Content » Vol 51, Issue 6

Review article

Effects of tai chi on physiology, balance and quality of life in patients with type 2 diabetes: A systematic review and meta-analysis

Zonglei Zhou, Ruzhen Zhou, Kunpeng Li, Yan Zhu, Zengqiao Zhang, Yun Luo, Rongsheng Luan
Department of Epidemiology and Biostatistics, Sichuan University West China School of Public Health, 610041 Chengdu, China.

DOI: 10.2340/16501977-2555


Objective: To systematically synthesize and critically evaluate evidence on the effects of tai chi for patients with type 2 diabetes mellitus.
Data sources: Seven electronic databases (Wan Fang, SinoMed, China National Knowledge Infrastructure, VIP, PubMed, Embase, and Cochrane Library) were systematically searched from their inception to March 2018.
Study selection: Randomized controlled trials investigating the effects of tai chi on individuals with type 2 diabetes mellitus were eligible.
Data extraction: Biomedical outcomes (fasting plasma glucose, glycosylated haemoglobin (HbA1c), fasting insulin, insulin resistance, body mass index, total cholesterol, blood pressure) as well as balance and quality of life-related outcomes were extracted independently by 2 reviewers. Stata 12.0 software was used to synthesize data if there was no or moderate heterogeneity across studies. Otherwise, narrative summaries were performed.
Data synthesis: A total of 23 studies (25 articles) involving 1,235 patients were included in this meta-analysis. Significant changes in tai chi-related effects were observed in lowering fasting plasma glucose (standardized mean difference; SMD –0.67; 95% confidence interval (95% CI) –0.87 to –0.47; p < 0.001), HbA1c (mean difference; MD–0.88%; 95% CI –1.45% to –0.31%; p =0.002) and insulin resistance (MD –0.41; 95% CI –0.78 to –0.04; p = 0.029). Beneficial effects of tai chi were also found in decreasing body mass index (MD –0.82 kg/m2; 95% CI –1.28 to –0.37 kg/m2; p < 0.001) and total cholesterol (SMD –0.59; 95% CI –0.90 to –0.27; p < 0.001). In addition, tai chi reduced blood pressure (systolic blood pressure (MD –10.03 mmHg; 95% CI –15.78 to –4.29 mmHg; p = 0.001), diastolic blood pressure (MD –4.85 mmHg; 95% CI –8.23 to –1.47 mmHg; p = 0.005)) and improved quality of life-related outcomes (physical function (MD 7.07; 95% CI 0.79–13.35; p = 0.027), bodily pain (MD 4.30; 95% CI 0.83–7.77; p = 0.015) and social function (MD 13.84; 95% CI 6.22–21.47; p < 0.001)). However, no impact was exerted on fasting insulin (SMD –0.32; 95% CI –0.71 to 0.07; p = 0.110) or balance (MD 2.71 s; 95% CI –3.29 to 8.71 s; p = 0.376).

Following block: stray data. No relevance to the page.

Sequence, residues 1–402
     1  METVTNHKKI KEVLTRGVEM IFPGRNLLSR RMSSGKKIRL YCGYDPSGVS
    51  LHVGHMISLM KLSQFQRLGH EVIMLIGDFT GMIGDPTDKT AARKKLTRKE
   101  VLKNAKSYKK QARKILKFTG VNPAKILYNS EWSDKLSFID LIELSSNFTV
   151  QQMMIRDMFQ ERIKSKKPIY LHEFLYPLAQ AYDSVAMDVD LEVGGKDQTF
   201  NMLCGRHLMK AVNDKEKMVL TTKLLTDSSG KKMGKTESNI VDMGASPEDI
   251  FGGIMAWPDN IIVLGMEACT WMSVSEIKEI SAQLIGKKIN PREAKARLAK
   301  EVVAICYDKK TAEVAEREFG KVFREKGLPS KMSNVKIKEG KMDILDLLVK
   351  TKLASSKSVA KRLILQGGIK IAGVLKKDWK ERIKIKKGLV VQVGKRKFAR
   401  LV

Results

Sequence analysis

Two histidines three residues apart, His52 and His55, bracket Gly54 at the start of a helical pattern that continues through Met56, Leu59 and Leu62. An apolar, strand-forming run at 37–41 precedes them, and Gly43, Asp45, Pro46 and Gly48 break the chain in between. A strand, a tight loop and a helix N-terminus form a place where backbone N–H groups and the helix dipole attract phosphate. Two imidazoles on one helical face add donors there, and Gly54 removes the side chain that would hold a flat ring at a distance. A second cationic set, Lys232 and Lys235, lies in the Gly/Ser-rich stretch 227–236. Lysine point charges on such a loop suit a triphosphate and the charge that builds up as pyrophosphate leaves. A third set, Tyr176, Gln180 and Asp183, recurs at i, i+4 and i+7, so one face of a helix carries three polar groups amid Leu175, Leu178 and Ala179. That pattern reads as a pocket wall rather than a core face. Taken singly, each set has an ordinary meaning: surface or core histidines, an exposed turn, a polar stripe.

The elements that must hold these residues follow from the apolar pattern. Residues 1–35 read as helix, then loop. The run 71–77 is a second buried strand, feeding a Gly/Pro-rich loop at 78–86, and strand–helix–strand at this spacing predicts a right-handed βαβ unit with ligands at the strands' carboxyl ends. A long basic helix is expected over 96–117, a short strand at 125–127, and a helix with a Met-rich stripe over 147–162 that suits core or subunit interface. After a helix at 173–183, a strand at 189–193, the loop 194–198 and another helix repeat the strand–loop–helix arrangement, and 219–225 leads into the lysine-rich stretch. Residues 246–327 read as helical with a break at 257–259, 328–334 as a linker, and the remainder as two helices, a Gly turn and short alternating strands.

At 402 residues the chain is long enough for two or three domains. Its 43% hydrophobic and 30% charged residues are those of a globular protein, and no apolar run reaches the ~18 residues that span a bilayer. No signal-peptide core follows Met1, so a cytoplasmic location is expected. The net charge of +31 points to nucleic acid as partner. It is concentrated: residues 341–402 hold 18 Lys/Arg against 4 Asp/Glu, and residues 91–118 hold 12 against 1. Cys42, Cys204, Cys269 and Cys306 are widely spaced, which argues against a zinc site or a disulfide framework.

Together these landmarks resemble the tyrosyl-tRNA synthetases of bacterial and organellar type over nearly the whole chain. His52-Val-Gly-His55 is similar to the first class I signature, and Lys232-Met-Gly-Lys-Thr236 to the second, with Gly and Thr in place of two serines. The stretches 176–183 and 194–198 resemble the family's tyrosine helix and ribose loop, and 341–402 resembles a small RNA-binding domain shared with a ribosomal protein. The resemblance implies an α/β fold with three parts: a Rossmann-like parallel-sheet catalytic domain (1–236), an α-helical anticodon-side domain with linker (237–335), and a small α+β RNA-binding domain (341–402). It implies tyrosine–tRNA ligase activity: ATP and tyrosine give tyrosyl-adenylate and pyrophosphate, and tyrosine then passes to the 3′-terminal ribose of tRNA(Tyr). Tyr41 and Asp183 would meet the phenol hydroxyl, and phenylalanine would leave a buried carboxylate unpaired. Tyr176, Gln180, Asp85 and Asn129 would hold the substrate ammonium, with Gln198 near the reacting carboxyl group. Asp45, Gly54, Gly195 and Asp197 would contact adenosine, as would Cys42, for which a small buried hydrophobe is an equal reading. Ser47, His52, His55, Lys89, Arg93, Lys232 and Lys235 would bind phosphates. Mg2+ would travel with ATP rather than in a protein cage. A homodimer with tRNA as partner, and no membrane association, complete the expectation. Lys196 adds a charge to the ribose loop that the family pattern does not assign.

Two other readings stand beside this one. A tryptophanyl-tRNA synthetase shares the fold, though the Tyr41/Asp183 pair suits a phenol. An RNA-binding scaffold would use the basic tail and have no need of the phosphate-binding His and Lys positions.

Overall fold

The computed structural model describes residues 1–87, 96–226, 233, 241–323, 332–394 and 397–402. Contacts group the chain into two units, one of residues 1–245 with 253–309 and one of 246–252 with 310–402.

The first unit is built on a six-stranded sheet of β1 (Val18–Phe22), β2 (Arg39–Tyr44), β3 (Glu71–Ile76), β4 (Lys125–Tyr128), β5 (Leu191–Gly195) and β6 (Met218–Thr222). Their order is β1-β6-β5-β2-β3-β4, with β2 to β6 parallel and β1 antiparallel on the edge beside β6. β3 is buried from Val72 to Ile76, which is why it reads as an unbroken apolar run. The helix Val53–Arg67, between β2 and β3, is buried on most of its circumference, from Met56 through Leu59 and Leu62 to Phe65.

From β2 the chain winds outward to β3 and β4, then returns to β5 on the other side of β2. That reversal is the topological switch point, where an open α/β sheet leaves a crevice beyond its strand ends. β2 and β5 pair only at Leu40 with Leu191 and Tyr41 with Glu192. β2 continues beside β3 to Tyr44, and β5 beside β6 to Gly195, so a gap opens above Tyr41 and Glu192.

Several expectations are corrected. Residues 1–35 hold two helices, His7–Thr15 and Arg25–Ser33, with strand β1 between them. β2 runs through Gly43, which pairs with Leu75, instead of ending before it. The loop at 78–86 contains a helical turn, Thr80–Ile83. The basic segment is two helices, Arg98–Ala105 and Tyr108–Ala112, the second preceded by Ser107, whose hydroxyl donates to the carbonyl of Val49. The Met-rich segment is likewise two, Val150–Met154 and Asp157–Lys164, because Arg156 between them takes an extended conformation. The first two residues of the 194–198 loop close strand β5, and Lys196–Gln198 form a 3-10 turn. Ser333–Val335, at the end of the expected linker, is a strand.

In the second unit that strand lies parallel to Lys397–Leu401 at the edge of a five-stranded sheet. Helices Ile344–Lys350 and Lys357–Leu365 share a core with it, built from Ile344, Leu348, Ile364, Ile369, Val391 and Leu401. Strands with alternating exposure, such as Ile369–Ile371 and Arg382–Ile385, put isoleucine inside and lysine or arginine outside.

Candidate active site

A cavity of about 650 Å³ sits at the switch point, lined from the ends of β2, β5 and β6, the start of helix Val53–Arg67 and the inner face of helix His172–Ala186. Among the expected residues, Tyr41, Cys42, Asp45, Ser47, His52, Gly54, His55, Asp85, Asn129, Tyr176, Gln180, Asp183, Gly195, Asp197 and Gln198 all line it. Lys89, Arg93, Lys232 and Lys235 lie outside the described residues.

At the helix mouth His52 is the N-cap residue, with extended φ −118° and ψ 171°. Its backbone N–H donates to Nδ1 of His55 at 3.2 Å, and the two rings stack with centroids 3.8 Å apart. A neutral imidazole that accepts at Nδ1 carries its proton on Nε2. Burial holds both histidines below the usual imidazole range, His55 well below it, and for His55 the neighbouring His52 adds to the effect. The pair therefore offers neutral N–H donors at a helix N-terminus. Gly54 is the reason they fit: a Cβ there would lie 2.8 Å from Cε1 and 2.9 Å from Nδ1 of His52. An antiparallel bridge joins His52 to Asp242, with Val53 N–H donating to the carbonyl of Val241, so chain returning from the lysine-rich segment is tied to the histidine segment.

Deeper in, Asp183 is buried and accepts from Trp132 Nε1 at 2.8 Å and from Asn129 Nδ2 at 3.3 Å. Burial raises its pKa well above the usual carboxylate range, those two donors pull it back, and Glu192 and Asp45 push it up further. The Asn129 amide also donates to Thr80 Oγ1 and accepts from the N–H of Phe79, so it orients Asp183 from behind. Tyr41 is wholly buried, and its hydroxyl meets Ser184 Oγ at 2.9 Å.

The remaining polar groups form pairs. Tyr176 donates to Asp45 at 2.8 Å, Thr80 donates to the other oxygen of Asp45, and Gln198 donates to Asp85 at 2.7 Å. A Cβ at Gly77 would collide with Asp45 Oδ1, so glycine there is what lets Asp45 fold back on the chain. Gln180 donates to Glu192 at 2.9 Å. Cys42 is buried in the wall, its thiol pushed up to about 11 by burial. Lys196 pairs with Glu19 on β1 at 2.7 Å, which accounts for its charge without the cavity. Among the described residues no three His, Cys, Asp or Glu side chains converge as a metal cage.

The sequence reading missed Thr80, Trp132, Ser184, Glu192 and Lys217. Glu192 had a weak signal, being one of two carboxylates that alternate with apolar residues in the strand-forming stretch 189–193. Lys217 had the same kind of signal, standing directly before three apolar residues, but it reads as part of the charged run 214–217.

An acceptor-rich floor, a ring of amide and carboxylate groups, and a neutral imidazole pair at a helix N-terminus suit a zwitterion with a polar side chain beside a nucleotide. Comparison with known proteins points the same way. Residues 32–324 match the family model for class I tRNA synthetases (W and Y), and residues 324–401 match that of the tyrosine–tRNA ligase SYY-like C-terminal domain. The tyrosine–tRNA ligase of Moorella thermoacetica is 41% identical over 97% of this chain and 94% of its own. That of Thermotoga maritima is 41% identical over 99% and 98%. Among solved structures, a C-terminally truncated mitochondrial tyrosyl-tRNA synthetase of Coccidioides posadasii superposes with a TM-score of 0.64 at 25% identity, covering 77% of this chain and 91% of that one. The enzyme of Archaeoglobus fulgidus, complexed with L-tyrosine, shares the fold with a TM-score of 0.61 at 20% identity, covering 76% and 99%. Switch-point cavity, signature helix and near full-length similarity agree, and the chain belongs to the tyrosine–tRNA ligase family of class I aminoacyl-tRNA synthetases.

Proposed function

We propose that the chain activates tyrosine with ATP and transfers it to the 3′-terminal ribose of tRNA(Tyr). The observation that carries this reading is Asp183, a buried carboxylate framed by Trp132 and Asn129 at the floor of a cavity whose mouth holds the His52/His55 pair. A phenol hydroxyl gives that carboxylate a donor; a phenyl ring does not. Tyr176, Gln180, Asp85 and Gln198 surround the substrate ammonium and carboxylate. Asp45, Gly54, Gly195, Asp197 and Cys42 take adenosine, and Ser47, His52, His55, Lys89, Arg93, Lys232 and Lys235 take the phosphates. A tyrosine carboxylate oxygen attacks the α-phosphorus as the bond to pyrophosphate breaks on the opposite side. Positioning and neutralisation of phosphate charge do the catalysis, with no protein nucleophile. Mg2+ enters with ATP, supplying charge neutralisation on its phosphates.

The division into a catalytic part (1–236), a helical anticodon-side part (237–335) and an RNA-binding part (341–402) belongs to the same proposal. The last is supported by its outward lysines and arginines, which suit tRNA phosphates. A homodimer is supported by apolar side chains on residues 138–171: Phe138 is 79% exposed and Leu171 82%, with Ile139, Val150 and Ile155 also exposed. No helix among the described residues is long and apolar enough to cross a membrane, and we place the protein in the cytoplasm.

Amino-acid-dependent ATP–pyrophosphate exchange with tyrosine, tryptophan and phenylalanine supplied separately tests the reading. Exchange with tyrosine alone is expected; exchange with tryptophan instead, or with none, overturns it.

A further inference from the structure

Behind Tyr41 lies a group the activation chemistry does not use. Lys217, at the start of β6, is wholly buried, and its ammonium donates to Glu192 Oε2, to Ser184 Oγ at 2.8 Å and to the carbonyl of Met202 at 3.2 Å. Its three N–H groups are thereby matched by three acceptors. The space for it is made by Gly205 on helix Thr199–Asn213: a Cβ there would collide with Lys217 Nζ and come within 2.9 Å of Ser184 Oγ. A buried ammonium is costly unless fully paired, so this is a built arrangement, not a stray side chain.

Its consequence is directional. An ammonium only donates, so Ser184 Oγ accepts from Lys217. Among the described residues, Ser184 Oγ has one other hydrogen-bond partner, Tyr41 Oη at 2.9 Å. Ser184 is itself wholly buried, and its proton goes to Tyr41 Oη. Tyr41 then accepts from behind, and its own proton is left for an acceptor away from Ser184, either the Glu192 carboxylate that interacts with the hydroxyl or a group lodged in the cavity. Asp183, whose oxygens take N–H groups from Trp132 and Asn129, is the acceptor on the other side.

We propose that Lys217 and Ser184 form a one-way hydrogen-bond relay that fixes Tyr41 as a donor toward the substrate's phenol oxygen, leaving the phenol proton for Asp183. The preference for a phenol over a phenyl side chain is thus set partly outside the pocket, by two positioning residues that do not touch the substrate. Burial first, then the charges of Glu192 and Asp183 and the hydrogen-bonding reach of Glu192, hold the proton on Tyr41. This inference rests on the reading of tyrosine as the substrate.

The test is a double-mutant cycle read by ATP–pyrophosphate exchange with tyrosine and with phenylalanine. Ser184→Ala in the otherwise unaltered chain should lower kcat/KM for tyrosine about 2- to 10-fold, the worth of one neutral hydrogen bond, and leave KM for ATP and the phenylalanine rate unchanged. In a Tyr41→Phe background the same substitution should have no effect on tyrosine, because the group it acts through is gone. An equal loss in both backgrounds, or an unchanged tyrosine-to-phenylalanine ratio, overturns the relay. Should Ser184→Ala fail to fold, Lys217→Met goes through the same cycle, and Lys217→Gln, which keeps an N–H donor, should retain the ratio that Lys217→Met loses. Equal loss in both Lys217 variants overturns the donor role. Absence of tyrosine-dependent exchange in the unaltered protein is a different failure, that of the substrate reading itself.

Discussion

Conclusion: Tai chi is effective in controlling biomedical outcomes and improving quality of life-related outcomes in individuals with type 2 diabetes mellitus, although no effects were observed on balance and fasting insulin. Further high-quality research is needed to elucidate the effects of different types of tai chi, the long-term effects of tai chi, the impact on respiratory function, and the association between tai chi and the risk of developing type 2 diabetes mellitus in healthy individuals.

Lay Abstract

A review of research into the effects of tai chi for patients with type 2 diabetes mellitus was carried out. The results indicate that tai chi is favourable in improving outcomes in some areas, e.g. fasting plasma glucose, glycosylated haemoglobin (HbA1c), total cholesterol, balance, and quality of life. However, differences between study methods limit the conclusions regarding some outcomes. Tai chi might be a suitable complementary therapy for individuals with type 2 diabetes mellitus.


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